We live in a world where consumers seek out varied product attributes up and down the food supply chain.
The most often cited definition for sustainable development comes from the United Nations World Commission on Environment and Development.
Consumers are paying an increasing amount of attention to what goes into the products they purchase and how the products are manufactured.
Even before the exhilaration of returning to gatherings that include food and other events, consumers were looking to get more out of what they do and buy.
While the food shopping experience has become filled with more choices over the years, product integrity is still paramount.
Driven by concerns about health, wellness and sustainability – not to mention a taste for variety – a strikingly large number of consumers are interested in trying and purchasing more plant-based foods, including meat alternatives.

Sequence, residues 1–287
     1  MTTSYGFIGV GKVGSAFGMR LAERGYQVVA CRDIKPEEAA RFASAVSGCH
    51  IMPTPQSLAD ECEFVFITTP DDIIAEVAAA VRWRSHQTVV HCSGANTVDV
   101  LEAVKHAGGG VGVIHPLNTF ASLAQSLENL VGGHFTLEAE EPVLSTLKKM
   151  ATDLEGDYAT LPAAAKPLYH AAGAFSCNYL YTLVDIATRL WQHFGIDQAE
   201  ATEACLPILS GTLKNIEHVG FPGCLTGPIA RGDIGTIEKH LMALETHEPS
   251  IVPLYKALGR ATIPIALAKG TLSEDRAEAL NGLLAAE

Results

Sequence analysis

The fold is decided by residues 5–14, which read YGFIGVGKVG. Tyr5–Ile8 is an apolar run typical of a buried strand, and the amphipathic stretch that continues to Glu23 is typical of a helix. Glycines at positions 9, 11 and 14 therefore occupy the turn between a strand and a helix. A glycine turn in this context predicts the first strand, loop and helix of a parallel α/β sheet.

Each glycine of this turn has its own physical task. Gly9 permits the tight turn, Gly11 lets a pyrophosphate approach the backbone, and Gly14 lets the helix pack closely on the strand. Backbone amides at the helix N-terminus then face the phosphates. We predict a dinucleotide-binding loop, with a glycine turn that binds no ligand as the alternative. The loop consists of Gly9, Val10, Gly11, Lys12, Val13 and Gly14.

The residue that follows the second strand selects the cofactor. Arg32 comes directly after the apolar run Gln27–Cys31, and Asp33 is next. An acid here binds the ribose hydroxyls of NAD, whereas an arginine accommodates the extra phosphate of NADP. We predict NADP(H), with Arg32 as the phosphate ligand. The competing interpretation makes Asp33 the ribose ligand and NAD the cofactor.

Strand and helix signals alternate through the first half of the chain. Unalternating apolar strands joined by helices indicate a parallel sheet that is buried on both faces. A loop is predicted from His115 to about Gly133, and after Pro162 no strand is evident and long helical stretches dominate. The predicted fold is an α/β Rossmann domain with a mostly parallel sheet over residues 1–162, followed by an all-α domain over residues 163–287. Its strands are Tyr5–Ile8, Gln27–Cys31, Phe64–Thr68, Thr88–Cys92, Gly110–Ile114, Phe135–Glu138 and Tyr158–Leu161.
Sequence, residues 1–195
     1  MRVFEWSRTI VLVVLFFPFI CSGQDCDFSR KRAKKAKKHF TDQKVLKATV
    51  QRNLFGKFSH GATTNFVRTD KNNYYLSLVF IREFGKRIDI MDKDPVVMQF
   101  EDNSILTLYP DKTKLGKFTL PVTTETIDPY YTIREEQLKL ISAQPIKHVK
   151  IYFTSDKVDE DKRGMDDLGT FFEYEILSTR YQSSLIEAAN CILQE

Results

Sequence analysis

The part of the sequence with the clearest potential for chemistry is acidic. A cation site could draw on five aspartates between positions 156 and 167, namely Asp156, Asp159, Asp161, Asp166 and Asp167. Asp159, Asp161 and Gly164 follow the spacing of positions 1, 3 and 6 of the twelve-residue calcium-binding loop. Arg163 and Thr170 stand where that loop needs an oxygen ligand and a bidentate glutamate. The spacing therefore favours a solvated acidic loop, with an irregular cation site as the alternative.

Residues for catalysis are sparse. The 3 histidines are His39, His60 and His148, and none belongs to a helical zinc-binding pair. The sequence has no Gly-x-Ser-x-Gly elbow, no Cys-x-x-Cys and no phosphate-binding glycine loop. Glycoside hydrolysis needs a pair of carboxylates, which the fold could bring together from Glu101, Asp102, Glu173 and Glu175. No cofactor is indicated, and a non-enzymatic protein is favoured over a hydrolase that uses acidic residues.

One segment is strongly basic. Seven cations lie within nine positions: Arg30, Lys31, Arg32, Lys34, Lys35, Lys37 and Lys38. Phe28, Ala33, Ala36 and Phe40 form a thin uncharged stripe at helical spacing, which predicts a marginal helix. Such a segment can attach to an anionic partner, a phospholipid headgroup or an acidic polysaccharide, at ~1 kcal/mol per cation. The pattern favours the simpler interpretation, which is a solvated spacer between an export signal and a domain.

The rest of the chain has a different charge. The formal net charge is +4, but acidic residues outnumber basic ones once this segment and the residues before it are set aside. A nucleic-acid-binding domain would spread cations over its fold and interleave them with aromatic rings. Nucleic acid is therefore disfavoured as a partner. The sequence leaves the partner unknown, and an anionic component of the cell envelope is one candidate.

Just as plants need the right conditions to thrive – like soil, sunlight, water and nourishment – food products need ingredients that support and enhance texture, freshness and taste.
Shifting channels, changing consumer habits and expanded definitions spark new opportunities for meat and poultry.
Many methods of food preservation are effective, but few are as long-established as fermentation. The natural process, in which microbial enzymes act on and convert a substrate, has been used for millennia, dating back to ancient Mesopotamia and the making of bread and beer.
A new level of sophistication in applying trusted, natural technologies is helping today’s meat industry move beyond synthetic solutions.